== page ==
Many years ago, there was a famous, often repeated commercial about meat. A mature lady would go up the counter of a competitor’s fast-food chain and shout, “Where’s the beef?” The slogan’s suggestion was obvious. The fast food she tried was deficient in its beef product alluding to the fact that her favorite burger place did have the desired meat. The commercial wasn’t so much about the meat as it was putting down the competition.
Are we like that as Believers in Jesus? Can we become competitive in seeking holiness? Do we hurt each other in this competitive to be the best? Paul answers that question. He shows us it’s not about the meat. It’s also not worth the “beef” or argument about meat. It’s all about our heart’s motive, sensitivity and compassion.
CORINTHIANS—CALLED AND SENT
1 Corinthians 8, The Message
Freedom with Responsibility
1-3 The question keeps coming up regarding meat that has been offered up to an idol: Should you attend meals where such meat is served, or not? We sometimes tend to think we know all we need to know to answer these kinds of questions—but sometimes our humble hearts can help us more than our proud minds. We never really know enough until we recognize that God alone knows it all.
4-6 Some people say, quite rightly, that idols have no actual existence, that there’s nothing to them, that there is no God other than our one God, that no matter how many of these so-called gods are named and worshiped they still don’t add up to anything but a tall story. They say—again, quite rightly—that there is only one God the Father, that everything comes from him, and that he wants us to live for him. Also, they say that there is only one Master—Jesus the Messiah—and that everything is for his sake, including us. Yes. It’s true.
7 In strict logic, then, nothing happened to the meat when it was offered up to an idol. It’s just like any other meat. I know that, and you know that. But knowing isn’t everything. If it becomes everything, some people end up as know-it-alls who treat others as know-nothings. Real knowledge isn’t that insensitive.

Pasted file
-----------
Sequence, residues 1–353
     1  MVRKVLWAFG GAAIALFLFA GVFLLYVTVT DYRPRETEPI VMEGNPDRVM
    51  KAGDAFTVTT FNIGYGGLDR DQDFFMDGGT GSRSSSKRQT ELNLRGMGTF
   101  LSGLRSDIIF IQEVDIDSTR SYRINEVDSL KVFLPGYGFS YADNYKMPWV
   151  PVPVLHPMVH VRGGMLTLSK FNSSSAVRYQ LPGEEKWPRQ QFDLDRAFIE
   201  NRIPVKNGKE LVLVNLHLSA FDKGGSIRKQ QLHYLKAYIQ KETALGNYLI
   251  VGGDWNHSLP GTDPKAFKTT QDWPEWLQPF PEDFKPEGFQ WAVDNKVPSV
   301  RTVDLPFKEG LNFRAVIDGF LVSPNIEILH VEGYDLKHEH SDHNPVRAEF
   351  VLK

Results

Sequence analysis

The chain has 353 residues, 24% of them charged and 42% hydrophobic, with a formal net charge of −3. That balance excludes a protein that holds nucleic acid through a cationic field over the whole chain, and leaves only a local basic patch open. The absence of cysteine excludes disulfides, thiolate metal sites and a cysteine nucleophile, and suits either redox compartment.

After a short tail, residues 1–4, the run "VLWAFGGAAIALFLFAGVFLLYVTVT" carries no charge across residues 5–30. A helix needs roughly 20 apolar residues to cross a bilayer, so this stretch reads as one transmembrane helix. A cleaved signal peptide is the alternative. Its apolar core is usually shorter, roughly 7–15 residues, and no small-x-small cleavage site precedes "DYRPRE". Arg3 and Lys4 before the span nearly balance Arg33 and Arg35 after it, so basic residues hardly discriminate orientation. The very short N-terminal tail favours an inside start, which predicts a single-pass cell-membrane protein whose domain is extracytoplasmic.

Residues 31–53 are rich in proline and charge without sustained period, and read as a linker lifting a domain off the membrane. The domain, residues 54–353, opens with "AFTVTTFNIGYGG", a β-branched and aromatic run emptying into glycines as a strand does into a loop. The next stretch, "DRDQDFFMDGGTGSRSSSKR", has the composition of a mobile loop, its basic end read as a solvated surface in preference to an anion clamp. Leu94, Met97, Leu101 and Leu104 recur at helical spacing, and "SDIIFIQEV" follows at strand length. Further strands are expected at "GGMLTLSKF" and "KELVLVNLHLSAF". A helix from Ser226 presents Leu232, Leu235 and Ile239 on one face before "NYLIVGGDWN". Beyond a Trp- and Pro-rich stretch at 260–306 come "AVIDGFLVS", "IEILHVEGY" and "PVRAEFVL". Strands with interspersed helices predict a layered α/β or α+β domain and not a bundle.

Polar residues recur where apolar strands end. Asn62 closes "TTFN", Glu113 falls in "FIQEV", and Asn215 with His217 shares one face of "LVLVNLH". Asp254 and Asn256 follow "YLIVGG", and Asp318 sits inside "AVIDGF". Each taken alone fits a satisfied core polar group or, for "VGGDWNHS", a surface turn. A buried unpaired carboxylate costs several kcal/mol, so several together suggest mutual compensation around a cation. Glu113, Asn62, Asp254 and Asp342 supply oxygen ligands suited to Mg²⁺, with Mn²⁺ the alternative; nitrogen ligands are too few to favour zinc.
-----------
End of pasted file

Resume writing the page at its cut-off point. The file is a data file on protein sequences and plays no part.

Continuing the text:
We need to be sensitive to the fact that we’re not all at the same level of understanding in this. Some of you have spent your entire lives eating “idol meat,” and are sure that there’s something bad in the meat that then becomes something bad inside of you. An imagination and conscience shaped under those conditions isn’t going to change overnight.
8-9 But fortunately God doesn’t grade us on our diet. We’re neither commended when we clean our plate nor reprimanded when we just can’t stomach it. But God does care when you use your freedom carelessly in a way that leads a fellow believer still vulnerable to those old associations to be thrown off track.
10 For instance, say you flaunt your freedom by going to a banquet thrown in honor of idols, where the main course is meat sacrificed to idols. Isn’t there great danger if someone still struggling over this issue, someone who looks up to you as knowledgeable and mature, sees you go into that banquet? The danger is that he will become terribly confused—maybe even to the point of getting mixed up himself in what his conscience tells him is wrong.
11-13 Christ gave up his life for that person. Wouldn’t you at least be willing to give up going to dinner for him—because, as you say, it doesn’t really make any difference? But it does make a difference if you hurt your friend terribly, risking his eternal ruin! When you hurt your friend, you hurt Christ. A free meal here and there isn’t worth it at the cost of even one of these “weak ones.” So, never go to these idol-tainted meals if there’s any chance it will trip up one of your brothers or sisters.
WHAT DO WE LEARN?
We can only know and understand small pieces of life. God knows it all. Know God.
“…our humble hearts can help us more than our proud minds.”
“Real knowledge isn’t that insensitive.”
God doesn’t grade us on our diet. (Hallelujah!) God looks at the heart and sees the truth. He always has and always will. From the heart, comes the motive for everything we do.
“Christ gave up his life for that person. Wouldn’t you at least be willing to give up going to dinner for him—because, as you say, it doesn’t really make any difference? But it does make a difference if you hurt your friend terribly, risking his eternal ruin! When you hurt your friend, you hurt Christ.
Be still and know God. Let God take the lead in all we think, say or do. The closer we come to Jesus, the closer we become to our brothers and sisters who believe. This bears repeating, like a commercial over and over in our heads, “When you hurt your friend, you hurt Christ.”
It’s not about the meat, it’s about pleasing Jesus, our Savior and who wants to be Lord of our lives. The more He becomes Lord over our lives, the more we become like the One we follow.
Help us to understand what you are teaching us today as we live in this highly oversensitive, overthinking world. It’s not about us. It’s about YOU honing your character in us so we think more of others than ourselves. Help us all to love like you love, show compassion and mercy like you extended to us while we humbly walk with You, the One who knows it all. That’s the meat of our existence!
In Jesus Name, Amen